Background

The 1998 Reauthorization of the Higher Education Act of 1965 included a mandate that requires institutions of higher education to engage in certain voter registration activities during years when there are elections for federal office, governor or other chief executives within the state [HEA Section 487(a)(23)].

In accordance with the statute, institutions must make a good faith effort to distribute voter registration forms and make such forms widely available to students in attendance. Institutions must request a sufficient number of voter registration forms from the state in which the campus is located 120 days prior to that state’s registration deadline for all students enrolled in a degree- or certificate-seeking program and physically in attendance at the institution. Institutions must distribute the forms to students no less than 60 days before the voter registration deadline. The institution will not be held liable, however, if a state fails to provide a sufficient number of forms at least 60 days prior to that state’s registration deadline.

As part of the 2008 Higher Education Opportunity Act, a revision to the law was created to allow institutions to comply with the mandate through electronic distribution as long as the transmitted message contains either the state’s voter registration form or an internet address where such a form can be downloaded, provided that this information is in an electronic message devoted exclusively to voter registration.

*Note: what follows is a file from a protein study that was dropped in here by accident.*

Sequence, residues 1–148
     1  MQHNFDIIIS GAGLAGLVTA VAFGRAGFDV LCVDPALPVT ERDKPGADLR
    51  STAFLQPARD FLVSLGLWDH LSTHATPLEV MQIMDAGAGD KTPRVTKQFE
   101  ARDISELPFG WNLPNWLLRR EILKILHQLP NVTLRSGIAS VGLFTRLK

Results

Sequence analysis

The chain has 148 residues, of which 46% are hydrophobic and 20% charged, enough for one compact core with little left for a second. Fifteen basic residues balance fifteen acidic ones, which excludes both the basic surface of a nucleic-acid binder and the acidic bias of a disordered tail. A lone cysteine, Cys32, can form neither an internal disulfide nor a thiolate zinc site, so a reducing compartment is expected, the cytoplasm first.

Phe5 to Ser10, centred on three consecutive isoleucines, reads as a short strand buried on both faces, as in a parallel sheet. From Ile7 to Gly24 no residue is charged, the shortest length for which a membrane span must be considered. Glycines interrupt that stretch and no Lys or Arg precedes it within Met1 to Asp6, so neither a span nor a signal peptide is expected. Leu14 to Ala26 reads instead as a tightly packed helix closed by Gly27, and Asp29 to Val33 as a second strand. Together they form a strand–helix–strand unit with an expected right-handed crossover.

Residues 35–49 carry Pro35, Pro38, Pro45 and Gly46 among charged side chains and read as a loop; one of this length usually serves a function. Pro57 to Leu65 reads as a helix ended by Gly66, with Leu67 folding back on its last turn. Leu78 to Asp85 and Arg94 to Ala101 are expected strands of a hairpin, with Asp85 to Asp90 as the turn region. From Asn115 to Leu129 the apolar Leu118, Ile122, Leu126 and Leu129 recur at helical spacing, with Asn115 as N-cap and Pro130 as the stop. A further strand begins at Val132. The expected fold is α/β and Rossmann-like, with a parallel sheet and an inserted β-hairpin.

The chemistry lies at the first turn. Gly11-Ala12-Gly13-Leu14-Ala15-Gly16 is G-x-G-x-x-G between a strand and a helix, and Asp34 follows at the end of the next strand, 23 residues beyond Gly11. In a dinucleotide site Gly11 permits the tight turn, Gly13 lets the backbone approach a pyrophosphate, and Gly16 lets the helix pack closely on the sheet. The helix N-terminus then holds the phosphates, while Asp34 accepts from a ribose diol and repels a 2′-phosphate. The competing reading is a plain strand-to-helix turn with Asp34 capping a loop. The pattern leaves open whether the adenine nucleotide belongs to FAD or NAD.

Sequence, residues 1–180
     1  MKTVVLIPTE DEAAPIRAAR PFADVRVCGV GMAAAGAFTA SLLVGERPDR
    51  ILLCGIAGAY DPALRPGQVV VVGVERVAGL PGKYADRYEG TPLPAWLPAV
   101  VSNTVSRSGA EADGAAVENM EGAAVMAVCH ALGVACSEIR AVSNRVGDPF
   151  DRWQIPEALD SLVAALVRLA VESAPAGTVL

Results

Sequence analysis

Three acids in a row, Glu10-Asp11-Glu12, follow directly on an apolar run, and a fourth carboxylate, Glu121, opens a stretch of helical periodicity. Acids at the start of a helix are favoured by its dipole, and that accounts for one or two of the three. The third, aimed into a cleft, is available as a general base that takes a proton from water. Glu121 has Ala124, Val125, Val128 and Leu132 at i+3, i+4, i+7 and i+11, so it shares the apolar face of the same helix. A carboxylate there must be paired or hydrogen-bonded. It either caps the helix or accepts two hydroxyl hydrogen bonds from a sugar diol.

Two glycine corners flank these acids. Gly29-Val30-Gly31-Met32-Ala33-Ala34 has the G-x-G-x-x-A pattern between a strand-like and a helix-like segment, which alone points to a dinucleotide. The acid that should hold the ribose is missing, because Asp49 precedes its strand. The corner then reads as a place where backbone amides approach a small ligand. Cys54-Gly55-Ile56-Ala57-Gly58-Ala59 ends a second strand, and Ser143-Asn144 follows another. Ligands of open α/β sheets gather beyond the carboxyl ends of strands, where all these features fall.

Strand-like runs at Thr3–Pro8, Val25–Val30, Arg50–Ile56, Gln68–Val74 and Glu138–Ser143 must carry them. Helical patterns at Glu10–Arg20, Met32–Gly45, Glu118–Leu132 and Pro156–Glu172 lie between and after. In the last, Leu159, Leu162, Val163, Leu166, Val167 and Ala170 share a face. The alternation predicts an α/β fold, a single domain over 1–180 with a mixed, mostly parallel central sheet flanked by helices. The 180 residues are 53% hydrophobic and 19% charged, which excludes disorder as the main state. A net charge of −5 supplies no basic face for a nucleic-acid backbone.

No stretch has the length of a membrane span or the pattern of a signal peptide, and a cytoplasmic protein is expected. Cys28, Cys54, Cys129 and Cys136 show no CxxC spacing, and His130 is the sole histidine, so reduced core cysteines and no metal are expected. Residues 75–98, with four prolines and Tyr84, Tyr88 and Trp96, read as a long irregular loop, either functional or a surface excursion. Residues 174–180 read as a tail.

College and university presidents have a responsibility to support a campus’ civic ethos to do more than provide voter registration forms. It’s more important than ever to inform campus stakeholders about their rights and responsibilities of being an active community member. By making the President’s Commitment today, your campus is:

  • Preparing our students to be engaged in a thriving democracy.
  • Empowering faculty, staff, students, and community stakeholders to come together in community to co-decide the solutions to the wicked problems our communities face.
  • Educating voters to make informed decisions about issues and candidates in presidential, national, state, and local elections.
  • Actively participating in a democratic engagement action plan to bolster an institutional culture that supports curricular and cocurricular involvement in the electoral process.